Δευτέρα, 29 Ιουλίου 2013

Micromanagers: Flushing Companies Down the Toilet, One Detail at a Time

Brilliant article by: Mrs Jessica Marie Storyteller. Product Marketer. Business Designer.

People don’t leave bad companies. They leave bad bosses. They don’t leave flawed organizational structures and abandon lousy products and technology. They leave flawed leadership.
No matter how brilliant a company’s products and/or services may be, if management is dysfunctional, that company will have serious problems. It may not be immediate, but it’s nearly a guarantee that it will happen. This concept may sound like a no-brainer, but it continues to happen across all companies and industries, both big and small.
There is so much emphasis on IQ in organizations, and not enough on leadership. Now we have a bunch of technological geniuses who are socially and emotionally inept.
The problem? A complete lack of emotional intelligence, insecurity, and sheer incompetence on the most basic level.
Leaders set the tone of an organization. The outer environment is a reflection of the inner environment of those who establish the quality of the company. When the leader(s) are chaotic and manage without a solid foundation or strategy, the whole operation turns into fire drills, with everyone running around like beheaded chickens.
The only thing this creates is a sustained profile of hysterics and frustration.

The Dangers of Micromanagement

Micromanaging is a method of management in which an individual closely observes or controls the work of an employee. In comparison to simply giving general direction, the micromanager monitors and evaluates every stage in a process, from beginning to end. This behavior negatively affects efficiency, creativity, trust, communication, problem-solving, and the company’s ability to reach its goals.
The typical micromanager spends their time directing employees rather than empowering them. They are often very insecure. They spend more time with the details of business operations instead of planning the company’s short-term and long-term growth strategies. The fact of the matter is, time DOES equal money. When the designated leader of an organization is wasting time (and therefore money) on overseeing projects instead of focusing on specific growth opportunities, it’s time to reevaluate a few things.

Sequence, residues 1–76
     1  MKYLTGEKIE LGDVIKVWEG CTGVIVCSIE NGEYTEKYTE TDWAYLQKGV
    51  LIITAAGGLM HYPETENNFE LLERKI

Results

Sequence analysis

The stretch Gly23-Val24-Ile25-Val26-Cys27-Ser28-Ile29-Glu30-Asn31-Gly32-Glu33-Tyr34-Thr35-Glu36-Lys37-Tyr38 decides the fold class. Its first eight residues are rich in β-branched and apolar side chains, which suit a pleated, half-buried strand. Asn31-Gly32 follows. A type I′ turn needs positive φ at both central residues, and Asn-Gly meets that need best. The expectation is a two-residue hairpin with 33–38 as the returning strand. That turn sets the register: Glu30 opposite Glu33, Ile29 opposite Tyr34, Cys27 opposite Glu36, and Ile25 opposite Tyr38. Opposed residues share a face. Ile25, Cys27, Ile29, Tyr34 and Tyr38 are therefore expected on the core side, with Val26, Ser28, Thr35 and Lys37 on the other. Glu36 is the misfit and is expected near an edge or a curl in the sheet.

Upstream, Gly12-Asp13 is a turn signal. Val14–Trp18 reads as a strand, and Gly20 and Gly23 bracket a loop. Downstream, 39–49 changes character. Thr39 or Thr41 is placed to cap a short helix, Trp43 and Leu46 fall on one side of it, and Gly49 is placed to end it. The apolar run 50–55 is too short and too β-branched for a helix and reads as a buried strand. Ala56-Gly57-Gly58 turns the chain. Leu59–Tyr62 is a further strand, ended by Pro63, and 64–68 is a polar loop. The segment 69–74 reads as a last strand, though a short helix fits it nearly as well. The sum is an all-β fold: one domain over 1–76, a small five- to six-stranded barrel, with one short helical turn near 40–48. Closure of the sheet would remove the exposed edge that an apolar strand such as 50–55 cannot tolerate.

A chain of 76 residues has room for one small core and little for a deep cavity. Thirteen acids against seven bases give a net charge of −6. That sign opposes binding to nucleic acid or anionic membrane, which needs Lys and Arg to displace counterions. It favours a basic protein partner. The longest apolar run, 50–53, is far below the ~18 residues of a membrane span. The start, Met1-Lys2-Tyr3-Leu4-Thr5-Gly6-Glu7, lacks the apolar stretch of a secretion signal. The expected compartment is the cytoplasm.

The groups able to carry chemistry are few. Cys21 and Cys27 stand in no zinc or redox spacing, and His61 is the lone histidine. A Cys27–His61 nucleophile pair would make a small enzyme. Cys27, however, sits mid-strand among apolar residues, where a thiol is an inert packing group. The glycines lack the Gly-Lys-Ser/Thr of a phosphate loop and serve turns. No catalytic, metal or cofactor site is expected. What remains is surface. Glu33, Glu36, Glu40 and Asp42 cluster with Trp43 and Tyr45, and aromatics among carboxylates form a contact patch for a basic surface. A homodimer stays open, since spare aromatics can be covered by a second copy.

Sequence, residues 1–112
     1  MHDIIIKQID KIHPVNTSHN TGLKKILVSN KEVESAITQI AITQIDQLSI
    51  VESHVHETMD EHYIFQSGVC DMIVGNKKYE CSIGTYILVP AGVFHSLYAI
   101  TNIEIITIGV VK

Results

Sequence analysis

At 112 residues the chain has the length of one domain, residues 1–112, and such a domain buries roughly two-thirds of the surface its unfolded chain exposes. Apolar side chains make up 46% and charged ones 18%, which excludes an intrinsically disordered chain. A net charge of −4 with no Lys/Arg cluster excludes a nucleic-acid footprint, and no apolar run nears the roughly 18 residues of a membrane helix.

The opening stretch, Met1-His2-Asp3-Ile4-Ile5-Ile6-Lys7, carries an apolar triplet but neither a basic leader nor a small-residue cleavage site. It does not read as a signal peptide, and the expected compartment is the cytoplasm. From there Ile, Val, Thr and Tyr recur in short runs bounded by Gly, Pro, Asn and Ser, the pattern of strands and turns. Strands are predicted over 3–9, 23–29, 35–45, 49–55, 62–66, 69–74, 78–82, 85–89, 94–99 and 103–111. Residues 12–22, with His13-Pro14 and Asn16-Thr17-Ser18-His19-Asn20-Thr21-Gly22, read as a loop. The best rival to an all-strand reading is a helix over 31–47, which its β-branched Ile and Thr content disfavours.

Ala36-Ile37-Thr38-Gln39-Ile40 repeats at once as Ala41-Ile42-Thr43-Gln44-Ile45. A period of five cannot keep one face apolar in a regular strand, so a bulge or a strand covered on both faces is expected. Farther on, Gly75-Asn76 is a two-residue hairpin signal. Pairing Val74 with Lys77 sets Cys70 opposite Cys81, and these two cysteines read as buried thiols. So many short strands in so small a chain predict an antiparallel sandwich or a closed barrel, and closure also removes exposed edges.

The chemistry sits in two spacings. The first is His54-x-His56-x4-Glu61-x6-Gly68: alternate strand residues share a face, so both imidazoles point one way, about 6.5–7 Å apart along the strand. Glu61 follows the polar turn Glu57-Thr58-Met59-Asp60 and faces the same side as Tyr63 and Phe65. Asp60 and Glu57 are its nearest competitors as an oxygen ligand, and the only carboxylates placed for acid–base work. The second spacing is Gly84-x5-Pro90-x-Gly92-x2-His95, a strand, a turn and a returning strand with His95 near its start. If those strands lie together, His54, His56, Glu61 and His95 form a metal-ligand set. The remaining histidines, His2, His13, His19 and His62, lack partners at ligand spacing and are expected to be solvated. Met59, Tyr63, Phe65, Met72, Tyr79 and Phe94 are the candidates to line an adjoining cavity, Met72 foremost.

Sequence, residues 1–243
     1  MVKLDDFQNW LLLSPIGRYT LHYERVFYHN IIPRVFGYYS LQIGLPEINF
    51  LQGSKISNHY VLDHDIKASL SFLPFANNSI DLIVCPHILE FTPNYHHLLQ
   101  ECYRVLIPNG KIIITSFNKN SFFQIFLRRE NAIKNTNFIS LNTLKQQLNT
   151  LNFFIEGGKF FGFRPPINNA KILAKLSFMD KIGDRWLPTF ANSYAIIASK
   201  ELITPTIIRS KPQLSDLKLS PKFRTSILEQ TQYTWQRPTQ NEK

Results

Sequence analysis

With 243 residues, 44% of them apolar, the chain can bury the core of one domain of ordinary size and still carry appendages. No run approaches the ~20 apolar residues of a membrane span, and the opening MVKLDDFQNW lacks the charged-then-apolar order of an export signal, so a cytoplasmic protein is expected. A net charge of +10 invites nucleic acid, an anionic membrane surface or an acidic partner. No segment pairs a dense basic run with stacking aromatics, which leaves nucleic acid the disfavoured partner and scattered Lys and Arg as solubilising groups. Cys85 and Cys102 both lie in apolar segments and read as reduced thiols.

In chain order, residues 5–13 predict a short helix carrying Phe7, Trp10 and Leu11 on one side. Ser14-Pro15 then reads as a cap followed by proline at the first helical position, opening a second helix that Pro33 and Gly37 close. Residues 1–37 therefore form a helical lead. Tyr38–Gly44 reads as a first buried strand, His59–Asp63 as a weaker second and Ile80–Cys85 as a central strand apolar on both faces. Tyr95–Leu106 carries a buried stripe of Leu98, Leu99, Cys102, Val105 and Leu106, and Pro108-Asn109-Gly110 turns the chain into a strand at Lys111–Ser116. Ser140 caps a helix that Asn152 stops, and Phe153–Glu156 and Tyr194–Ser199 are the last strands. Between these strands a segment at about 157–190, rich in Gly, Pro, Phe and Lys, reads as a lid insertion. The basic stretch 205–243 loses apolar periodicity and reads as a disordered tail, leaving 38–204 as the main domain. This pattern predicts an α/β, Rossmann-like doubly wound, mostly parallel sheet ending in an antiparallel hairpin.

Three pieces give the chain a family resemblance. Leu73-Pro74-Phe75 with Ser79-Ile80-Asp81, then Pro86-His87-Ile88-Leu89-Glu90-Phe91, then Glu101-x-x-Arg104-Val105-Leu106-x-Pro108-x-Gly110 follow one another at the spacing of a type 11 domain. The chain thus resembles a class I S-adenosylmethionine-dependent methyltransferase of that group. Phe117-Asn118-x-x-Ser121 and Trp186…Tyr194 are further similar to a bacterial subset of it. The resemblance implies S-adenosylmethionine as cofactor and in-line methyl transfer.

The effects of micromanagement can be disastrous for a company’s culture. Employees will soon realize that you are not listening to them. They will undoubtedly shut down, stop making suggestions or going to you with questions. Ultimately, employees will become disenchanted and will eventually quit to work for another company.
Much of the time, these quasi-leaders believe that they are the only ones who understand the business model and are the sole reason for the company’s revenue. They will often surround themselves with passive people who don’t question their authority, and fail to challenge or criticize their actions. These managers also tend to be extremely closed-minded to new approaches or ideas to solve problems.
It is for all these reasons that these types of managers will never hold a high level position at a large company. Of course, exceptions are noted, we often hear of executives who behave this way, but for the most part, they just do not possess the characteristics required to deal with projects and people in a productive and meaningful way.

Micromanagers want things done in a particular way. We all do - the “right way” – translation – “my way”. However, when these managers communicate requirements, they’re simply telling them to execute. In this case, they’re not asking anyone to think for themselves. And employees who actually engage in their work, won’t be satisfied for very long.
Managers certainly do not always have the best and brightest answers. Letting employees become part of the decision process is so important for increased productivity and helping everyone feel valued.

Underlying Problems

The underlying psychological issue of micromanagers is that most action (perhaps reaction is a more appropriate description) is based on fear, not reason or evidence. This causes major problems. First and foremost, their fear drives their need to control the details in processes, and their need for constant recognition. It’s not uncommon that most people who work with micromanagers have adapted their own behavior to try and prevent confrontation. However, enabling these issues only makes the problem worse.
There is also a failure to prioritize, making managerial and operational rhythms suffer. “Post-mortem” meetings become the norm, rather than after-action reviews. Blame is thrown in every direction except the manager’s and turnover gets worse.


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